Whenever you are being offered the choice of a medical treatment, you are entitled to know all the risks, benefits and alternatives. The law in Pennsylvania now requires that the treating physician is responsible to do this and is not permitted to delegate that responsibility. Surgeons can no longer rely on their staff to obtain informed consent to perform surgery.
A physician must obtain a patient’s consent for any kind of surgery, including:
- administration of anesthesia
- administering radiation
- administering chemotherapy
- a blood transfusion
- the use of an experimental medication
- the insertion of a surgical device or appliance
- the use of an experimental device
- the use of an approved medication or device in an experimental manner
The patient’s consent must be informed. That means that a patient cannot make an informed decision unless the physician explains the risks that a patient would need to know to make an informed decision. A patient must be given a description of the proposed medical treatment and have been informed about the risks of the treatment. The patient must also be informed of the viable alternatives that someone would consider important to know in order to make an informed decision about whether or not to undergo the treatment.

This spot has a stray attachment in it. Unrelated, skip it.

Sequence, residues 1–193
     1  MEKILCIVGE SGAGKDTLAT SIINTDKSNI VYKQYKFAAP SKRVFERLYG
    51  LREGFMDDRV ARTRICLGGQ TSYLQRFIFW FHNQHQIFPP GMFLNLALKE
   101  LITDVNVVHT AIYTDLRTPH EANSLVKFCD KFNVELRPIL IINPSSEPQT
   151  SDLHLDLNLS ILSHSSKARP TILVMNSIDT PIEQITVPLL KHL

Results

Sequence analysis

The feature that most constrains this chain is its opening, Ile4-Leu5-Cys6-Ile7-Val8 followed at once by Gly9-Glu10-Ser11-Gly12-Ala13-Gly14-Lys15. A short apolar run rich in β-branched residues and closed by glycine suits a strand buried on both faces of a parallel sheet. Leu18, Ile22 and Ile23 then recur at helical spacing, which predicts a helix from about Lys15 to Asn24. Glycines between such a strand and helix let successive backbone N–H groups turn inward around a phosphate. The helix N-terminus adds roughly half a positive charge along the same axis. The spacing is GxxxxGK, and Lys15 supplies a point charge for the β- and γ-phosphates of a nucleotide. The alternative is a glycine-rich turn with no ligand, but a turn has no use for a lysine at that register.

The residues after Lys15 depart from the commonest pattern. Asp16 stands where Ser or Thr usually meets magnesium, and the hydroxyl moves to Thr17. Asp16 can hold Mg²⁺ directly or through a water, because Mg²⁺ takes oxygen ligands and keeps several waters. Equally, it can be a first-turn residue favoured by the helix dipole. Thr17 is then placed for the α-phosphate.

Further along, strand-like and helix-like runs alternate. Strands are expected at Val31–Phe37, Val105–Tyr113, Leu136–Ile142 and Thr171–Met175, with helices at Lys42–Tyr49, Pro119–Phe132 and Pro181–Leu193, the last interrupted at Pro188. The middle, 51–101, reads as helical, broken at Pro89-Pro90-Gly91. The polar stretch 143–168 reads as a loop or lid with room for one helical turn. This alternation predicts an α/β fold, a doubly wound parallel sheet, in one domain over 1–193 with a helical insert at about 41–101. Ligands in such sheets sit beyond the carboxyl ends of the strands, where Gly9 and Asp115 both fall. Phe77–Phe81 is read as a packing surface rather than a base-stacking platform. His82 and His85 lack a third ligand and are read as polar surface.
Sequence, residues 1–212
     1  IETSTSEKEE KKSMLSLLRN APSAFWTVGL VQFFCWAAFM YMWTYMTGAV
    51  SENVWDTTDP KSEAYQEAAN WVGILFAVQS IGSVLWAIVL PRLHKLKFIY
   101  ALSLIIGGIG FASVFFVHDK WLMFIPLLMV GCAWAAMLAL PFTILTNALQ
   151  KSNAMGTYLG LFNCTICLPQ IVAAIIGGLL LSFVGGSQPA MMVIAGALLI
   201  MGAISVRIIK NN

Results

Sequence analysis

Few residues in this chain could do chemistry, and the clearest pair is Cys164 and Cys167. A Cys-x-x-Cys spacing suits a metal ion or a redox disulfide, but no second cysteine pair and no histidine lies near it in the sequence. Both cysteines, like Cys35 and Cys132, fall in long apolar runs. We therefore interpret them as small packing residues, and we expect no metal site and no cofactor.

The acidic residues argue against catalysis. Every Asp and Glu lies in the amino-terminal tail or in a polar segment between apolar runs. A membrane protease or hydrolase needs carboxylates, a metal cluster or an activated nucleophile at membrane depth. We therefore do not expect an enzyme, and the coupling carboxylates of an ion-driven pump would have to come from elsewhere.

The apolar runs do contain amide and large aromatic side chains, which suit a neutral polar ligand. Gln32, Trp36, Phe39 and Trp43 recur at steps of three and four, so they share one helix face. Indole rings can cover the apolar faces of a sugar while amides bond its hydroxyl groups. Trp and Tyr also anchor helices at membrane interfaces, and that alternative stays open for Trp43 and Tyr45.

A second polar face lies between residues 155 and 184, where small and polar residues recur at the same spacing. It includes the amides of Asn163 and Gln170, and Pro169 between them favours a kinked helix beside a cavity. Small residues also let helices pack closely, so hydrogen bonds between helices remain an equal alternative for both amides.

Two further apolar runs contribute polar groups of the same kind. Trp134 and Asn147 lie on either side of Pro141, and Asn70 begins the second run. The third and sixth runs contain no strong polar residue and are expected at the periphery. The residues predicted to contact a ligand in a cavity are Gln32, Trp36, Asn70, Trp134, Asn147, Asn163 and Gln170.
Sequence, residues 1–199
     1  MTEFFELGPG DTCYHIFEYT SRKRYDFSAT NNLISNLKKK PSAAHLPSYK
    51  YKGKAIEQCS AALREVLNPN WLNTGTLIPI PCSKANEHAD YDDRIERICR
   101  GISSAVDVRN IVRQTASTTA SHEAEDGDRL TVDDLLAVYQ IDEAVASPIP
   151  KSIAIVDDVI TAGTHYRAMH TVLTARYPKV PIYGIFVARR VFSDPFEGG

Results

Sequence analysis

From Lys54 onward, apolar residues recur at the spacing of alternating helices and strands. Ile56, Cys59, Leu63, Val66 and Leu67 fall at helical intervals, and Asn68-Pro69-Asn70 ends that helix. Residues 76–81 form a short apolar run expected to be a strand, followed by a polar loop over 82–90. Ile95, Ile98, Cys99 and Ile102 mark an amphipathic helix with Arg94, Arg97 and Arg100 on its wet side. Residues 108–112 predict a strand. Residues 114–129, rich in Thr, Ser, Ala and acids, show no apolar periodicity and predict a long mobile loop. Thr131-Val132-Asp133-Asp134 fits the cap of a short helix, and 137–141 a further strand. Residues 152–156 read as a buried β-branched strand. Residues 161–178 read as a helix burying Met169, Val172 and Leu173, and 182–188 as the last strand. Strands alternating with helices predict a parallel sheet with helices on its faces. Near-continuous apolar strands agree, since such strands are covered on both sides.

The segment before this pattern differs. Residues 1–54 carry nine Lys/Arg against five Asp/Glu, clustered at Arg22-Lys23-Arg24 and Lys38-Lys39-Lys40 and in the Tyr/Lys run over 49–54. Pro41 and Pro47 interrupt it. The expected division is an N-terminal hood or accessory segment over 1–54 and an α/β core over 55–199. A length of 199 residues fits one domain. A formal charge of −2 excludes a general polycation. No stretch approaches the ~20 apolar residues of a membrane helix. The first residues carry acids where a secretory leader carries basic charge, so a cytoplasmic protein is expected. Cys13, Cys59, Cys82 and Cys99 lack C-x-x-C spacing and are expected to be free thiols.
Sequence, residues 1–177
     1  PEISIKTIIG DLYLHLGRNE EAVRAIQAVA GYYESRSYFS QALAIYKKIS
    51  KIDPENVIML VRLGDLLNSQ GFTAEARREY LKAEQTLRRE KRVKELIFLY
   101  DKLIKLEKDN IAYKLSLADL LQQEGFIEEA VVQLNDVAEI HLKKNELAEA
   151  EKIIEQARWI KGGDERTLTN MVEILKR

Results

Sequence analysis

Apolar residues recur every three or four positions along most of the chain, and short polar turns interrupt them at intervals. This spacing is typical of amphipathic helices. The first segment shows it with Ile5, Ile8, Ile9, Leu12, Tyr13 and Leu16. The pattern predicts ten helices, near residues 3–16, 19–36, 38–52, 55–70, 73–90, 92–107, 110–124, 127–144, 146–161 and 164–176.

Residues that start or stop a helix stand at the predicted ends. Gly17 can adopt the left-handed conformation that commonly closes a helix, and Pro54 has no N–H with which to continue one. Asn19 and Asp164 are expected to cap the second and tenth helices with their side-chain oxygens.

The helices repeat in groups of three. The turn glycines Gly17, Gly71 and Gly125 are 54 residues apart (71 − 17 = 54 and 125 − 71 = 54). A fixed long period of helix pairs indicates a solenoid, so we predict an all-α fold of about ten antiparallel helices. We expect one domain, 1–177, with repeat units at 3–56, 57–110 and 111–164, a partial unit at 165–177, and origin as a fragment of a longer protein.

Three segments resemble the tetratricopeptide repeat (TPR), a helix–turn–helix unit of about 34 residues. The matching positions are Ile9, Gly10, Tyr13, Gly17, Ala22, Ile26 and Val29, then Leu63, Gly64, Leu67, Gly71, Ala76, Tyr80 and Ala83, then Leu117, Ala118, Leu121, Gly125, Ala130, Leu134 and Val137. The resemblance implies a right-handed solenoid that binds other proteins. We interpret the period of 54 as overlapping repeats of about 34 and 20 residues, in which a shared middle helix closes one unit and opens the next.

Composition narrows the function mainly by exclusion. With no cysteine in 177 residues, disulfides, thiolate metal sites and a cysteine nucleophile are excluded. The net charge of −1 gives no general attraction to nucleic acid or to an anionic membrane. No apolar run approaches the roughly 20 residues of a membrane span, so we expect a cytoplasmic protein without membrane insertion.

A recent Pennsylvania Supreme Court decision (June 20, 2017), Shinal v. Toms, has, for the first time, determined that a physician cannot delegate this obligation to obtain informed consent.
In writing for the Court majority, Justice David Wecht wrote “informed consent requires direct communication between physician and patient, and contemplates a back and forth, face to face exchange, which might include questions that the patient feels the physician must answer personally before the patient feels informed and becomes willing to consent.” He went on to say “the duty to obtain the patient’s informed consent belongs solely to the physician.” In so deciding, the Pennsylvania Supreme Court has determined that a physician is not permitted to utilize his staff persons (nurses, physician’s assistants) to aid in the physician’s duty to obtain a patient’s informed consent.
Whenever you are being offered the choice of a medical treatment, you are entitled to know all the risks, benefits and alternatives from your treating physician – it is the law in Pennsylvania!